For many people, traveling is an amazing experience, but traveling is not always feasible because of responsibilities to work.

One way to get around this roadblock is to get a job that will let you travel and see the world. Here are some of the best jobs for people who love to travel.

Hostelworld HostelworldHostelworld.com


A translator is a wonderful job for those who want to travel. It will bring you to many places as you work, so long as those places speak the language you can translate. The great thing about translating is the variety of work you can get by translating for specific clients or just translating for tourists in the area. You can choose what type of scene you wish to work in very easily.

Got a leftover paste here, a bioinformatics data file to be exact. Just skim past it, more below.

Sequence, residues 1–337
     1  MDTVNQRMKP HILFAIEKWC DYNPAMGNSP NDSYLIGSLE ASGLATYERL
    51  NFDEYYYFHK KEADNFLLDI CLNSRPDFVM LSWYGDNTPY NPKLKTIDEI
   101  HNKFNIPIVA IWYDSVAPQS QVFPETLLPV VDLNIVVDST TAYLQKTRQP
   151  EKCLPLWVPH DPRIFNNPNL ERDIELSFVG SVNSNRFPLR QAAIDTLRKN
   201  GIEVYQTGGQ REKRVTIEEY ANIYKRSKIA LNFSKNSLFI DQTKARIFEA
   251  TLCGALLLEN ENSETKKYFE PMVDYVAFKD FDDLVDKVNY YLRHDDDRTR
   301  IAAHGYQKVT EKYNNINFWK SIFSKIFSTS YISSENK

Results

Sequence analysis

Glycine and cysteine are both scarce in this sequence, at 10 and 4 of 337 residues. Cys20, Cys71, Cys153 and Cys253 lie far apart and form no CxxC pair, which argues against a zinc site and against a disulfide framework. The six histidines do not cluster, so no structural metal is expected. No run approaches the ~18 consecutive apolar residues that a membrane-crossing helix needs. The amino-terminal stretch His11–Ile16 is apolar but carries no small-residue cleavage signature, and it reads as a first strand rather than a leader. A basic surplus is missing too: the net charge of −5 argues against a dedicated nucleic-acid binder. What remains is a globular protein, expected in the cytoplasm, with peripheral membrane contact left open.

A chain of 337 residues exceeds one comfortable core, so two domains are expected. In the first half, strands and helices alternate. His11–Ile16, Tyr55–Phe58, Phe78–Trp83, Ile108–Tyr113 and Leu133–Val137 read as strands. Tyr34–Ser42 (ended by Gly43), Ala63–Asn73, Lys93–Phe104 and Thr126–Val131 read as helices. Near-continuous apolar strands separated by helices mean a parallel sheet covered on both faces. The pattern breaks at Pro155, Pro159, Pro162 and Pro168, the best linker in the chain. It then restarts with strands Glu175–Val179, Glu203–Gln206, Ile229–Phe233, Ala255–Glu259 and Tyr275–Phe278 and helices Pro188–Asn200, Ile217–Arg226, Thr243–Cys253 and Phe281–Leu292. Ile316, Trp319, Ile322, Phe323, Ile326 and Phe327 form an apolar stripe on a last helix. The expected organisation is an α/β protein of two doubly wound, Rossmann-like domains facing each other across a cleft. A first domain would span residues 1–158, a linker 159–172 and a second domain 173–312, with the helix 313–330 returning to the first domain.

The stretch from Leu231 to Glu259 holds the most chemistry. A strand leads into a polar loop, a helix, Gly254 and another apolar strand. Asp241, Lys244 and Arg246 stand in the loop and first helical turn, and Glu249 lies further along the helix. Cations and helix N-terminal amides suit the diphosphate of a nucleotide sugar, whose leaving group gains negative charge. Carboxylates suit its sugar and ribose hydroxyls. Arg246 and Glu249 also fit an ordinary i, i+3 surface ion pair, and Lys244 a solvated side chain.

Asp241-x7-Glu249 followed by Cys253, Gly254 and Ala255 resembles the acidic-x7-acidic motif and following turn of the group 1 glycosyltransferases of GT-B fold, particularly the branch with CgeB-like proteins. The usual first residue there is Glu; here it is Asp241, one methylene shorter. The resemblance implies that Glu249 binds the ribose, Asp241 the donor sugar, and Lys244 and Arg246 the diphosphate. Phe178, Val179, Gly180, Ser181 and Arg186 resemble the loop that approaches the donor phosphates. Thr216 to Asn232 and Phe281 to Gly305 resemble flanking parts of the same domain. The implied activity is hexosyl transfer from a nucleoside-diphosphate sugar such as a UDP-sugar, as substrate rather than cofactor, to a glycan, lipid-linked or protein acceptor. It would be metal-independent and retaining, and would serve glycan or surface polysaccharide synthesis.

A pilot fits the definition of a job that gets to travel perfectly. Now, whether you are a private pilot or a commercial pilot, you will still get to fly all over the planet. The only major problem with this job is the requirement of flight classes. But once you get your license, you can fly freely around the world while making yourself money to fund your trips.

Travel blogger

Being a travel blogger is a temperamental job but, if done correctly, it will allow you to visit anywhere you want. Writing to fans as you travel the world can be a fun and exciting way to engage with the planet. This job can be difficult to do, though, as you must be able to write consistently and capture your audience with each post.

English teacher

This may not sound like a job that allows you to travel, but schools all around the world are always looking for more people to teach English.